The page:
Allergic asthma is an incurable respiratory disease that affects more than 300 million people worldwide. Asthmatic patients first become sensitized by inhaled substances that trigger an allergic reaction (allergens). Repeated exposures to the same allergens cause allergic inflammation in the lung because allergen-specific cells of the immune system called lymphocytes acquire memory: they react when they re-encounter the same allergen.
Another set of cells, the recently identified Group 2 Innate Lymphoid Cells (ILC2s), can also trigger allergic lung inflammation. Unlike regular lymphocytes, ILC2s do not recognize specific allergens. However, experienced ILC2s can vigorously react to new allergens, causing a stronger allergic lung inflammation than they did on their first exposure to unrelated allergens. Therefore, ILC2s can acquire memory that is not specific to particular antigens.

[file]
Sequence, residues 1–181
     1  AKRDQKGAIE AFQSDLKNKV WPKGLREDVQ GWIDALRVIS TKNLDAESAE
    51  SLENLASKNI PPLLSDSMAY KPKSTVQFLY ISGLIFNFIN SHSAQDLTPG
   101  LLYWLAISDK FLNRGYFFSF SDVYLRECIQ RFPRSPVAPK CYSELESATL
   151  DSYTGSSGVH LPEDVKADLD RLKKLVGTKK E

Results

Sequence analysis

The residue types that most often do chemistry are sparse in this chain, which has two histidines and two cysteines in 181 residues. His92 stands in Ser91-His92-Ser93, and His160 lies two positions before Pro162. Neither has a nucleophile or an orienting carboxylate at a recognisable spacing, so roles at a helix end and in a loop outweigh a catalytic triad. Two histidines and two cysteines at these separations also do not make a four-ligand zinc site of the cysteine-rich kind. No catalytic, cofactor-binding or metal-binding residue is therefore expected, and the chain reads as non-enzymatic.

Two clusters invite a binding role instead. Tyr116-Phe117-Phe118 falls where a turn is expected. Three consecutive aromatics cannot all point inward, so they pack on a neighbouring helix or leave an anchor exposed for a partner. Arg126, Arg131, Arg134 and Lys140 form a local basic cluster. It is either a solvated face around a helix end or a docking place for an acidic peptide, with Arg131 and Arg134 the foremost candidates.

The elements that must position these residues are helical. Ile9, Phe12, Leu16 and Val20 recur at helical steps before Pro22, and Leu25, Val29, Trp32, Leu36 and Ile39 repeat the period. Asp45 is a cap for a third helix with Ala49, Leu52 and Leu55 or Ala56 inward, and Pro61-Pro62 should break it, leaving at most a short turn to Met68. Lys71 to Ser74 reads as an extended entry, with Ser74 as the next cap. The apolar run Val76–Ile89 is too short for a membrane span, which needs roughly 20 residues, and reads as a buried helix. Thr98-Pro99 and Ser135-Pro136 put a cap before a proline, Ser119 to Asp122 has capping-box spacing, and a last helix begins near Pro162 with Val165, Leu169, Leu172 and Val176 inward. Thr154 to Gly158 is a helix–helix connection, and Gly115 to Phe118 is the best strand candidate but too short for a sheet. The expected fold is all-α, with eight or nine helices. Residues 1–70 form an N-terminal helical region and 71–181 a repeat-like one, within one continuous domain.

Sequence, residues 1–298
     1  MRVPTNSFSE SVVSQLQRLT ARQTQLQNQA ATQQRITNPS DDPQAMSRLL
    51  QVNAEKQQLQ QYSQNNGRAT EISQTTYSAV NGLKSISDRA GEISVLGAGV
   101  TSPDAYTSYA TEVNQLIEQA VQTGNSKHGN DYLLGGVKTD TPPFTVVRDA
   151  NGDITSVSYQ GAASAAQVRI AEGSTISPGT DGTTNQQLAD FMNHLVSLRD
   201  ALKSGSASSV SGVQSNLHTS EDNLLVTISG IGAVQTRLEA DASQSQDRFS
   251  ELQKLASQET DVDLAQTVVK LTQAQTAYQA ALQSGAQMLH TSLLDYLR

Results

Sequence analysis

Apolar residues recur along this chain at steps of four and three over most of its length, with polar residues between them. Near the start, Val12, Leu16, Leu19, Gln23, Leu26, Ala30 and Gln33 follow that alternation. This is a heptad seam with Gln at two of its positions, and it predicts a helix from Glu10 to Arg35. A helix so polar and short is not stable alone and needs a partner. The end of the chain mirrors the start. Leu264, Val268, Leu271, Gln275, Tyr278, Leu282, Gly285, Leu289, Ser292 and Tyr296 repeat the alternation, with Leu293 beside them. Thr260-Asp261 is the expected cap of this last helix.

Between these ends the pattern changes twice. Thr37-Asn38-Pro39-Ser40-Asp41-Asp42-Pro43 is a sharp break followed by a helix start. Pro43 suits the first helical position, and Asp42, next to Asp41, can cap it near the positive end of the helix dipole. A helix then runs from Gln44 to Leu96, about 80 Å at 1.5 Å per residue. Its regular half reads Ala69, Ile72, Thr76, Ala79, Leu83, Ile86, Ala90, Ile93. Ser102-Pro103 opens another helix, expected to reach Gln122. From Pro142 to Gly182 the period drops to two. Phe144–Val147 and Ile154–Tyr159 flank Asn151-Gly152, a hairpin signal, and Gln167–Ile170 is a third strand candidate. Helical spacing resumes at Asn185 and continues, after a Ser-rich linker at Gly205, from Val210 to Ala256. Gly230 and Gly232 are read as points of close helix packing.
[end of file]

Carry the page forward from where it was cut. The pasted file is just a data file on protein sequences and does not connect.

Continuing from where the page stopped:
We believe that upon allergen encounter, different subsets of memory ILC2s are generated. The goal of this research is to characterize memory ILC2s in the chronic phase of allergic lung inflammation.
The results obtained in this research would explain why sometimes the causative allergen is not identified and why asthma vaccines are not always effective. This research may lead to the development of novel therapies for chronic asthma.